NEW YORK (CNN) -- Minutes after he reported hitting birds and losing power in both engines, the pilot of US Airways Flight 1549 calmly told an air traffic controller the plane would ditch into the Hudson River.
Surveillance video shows passengers of US Airways Flight 1549 hurrying onto the plane's wings.
"We can't do it," pilot Chesley B. "Sully" Sullenberger said at 3:29 p.m. on January 15, in response to efforts to land the plane at New Jersey's Teterboro airport, according to a recording released Thursday by the Federal Aviation Administration.
"We're gonna be in the Hudson," Sullenberger said, about three and a half minutes after the Airbus A320 took off from New York's LaGuardia Airport.
"I'm sorry, say again," said the controller, from New York Tracon, a radar facility on Long Island that handles flights after they depart from LaGuardia or Teterboro airports.. Listen to the pilot talk to the controllers »
There is no response.
The plane, headed from LaGuardia to Charlotte, North Carolina, ditched into the frigid Hudson River. All 155 passengers and crew members on board survived the incident.
About two minutes before Sullenberger said the plane would end up in the river, he reported hitting birds and losing power in both engines.
"Hit birds. We lost thrust in both engines. We're turning back towards LaGuardia," Sullenberger said at 3:27 p.m., about a minute and a half after the flight took off.
A controller at New York Tracon responded to the pilot, saying "OK, yeah, you need to return to LaGuardia."
The controller then alerted LaGuardia's air traffic control tower: "Tower, stop your departures, we got an emergency returning." Read transcript of pilot's communication with controllers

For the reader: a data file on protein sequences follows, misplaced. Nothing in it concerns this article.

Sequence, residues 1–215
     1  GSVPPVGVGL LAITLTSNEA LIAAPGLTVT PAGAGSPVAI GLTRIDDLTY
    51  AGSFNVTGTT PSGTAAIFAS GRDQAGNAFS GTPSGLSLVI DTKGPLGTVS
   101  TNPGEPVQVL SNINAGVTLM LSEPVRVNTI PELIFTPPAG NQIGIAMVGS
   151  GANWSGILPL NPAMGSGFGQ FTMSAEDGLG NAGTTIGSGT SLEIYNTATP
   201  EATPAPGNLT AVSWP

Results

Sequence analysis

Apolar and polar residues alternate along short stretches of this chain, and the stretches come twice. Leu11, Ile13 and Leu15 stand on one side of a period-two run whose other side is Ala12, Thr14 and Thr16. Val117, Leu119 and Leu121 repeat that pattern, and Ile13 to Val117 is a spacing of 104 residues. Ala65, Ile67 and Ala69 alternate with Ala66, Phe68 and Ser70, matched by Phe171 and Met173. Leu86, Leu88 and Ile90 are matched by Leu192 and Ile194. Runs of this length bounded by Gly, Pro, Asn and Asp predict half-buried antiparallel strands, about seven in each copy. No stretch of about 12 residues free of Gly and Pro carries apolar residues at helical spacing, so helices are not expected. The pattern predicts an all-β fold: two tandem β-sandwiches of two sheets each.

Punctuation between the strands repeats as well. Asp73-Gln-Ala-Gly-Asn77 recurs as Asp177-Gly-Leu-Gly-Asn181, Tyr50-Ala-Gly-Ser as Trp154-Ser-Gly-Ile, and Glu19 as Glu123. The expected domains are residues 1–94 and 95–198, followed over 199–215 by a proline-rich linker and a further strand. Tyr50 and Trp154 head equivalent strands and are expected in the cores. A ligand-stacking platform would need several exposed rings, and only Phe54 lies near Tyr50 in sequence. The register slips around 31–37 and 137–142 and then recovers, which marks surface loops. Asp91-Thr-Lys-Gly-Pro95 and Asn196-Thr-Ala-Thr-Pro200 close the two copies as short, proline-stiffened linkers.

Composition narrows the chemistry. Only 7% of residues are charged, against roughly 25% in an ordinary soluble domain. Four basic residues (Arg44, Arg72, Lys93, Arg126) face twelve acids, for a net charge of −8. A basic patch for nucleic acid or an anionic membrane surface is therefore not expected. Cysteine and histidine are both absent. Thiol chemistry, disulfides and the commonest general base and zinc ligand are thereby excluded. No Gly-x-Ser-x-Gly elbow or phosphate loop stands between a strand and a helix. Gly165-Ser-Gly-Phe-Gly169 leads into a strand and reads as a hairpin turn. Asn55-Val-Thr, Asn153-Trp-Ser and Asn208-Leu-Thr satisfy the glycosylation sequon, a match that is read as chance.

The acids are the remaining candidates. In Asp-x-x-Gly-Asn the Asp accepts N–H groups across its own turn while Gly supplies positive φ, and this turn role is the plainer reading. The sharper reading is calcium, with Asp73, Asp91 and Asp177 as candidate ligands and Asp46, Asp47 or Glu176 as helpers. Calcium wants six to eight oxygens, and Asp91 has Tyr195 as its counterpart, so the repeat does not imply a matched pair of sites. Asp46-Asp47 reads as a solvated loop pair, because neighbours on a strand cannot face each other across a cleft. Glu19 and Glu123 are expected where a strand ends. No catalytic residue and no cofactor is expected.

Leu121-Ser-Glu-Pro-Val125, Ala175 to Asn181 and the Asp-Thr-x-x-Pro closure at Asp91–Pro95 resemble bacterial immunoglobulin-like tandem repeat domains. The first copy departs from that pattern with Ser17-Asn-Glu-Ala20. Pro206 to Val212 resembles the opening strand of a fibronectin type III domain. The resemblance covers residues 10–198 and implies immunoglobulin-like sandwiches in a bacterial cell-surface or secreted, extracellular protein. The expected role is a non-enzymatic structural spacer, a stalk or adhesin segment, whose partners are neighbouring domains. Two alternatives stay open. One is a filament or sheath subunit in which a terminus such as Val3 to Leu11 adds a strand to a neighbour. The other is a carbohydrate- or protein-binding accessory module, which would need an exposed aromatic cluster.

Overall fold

Minutes later, Sullenberger said the plane might not make it back to LaGuardia. "We're unable. We may end up in the Hudson," he said.
The Tracon controller then asked the pilot if he wants to go to Teterboro airport in New Jersey. The pilot said yes, and the controller alerted air traffic control there.
At 3:29 p.m., however, Sullenberger told the Tracon controller the plane couldn't make it to that airport, and shortly afterward, the plane dropped into the Hudson.
On Wednesday, the National Transportation Safety Board said both the plane's engines contained the remains of birds.
The engines from Flight 1549 had been sent to the manufacturer in Cincinnati, Ohio, where the NTSB directed the analysis, the safety board said in a news release.
Material from both engines was sent to the Smithsonian Institution in Washington for identification of the bird species. iReport.com: Passenger's perspective moments after crash
The plane's flight data recorder "revealed no anomalies or malfunctions in either engine up to the point where the captain reported a bird strike, after which there was an uncommanded loss of thrust in both engines," the NTSB said.